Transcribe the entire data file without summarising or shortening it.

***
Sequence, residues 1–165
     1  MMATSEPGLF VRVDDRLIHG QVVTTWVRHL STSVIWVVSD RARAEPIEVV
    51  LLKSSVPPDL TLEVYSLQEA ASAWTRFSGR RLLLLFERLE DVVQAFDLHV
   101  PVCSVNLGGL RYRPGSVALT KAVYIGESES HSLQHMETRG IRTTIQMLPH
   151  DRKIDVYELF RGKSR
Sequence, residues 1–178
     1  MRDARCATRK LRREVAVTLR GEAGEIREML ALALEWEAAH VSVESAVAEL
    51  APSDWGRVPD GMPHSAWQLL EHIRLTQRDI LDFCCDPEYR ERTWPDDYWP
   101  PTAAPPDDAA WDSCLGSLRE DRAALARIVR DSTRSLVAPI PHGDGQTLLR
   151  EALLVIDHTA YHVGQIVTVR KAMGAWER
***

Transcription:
Sequence, residues 1–165
     1  MMATSEPGLF VRVDDRLIHG QVVTTWVRHL STSVIWVVSD RARAEPIEVV
    51  LLKSSVPPDL TLEVYSLQEA ASAWTRFSGR RLLLLFERLE DVVQAFDLHV
   101  PVCSVNLGGL RYRPGSVALT KAVYIGESES HSLQHMETRG IRTTIQMLPH
   151  DRKIDVYELF RGKSR
Sequence, residues 1–178
     1  MRDARCATRK LRREVAVTLR GEAGEIREML ALALEWEAAH VSVESAVAEL
    51  APSDWGRVPD GMPHSAWQLL EHIRLTQRDI LDFCCDPEYR ERTWPDDYWP
   101  PTAAPPDDAA WDSCLGSLRE DRAALARIVR DSTRSLVAPI PHGDGQTLLR
   151  EALLVIDHTA YHVGQIVTVR KAMGAWER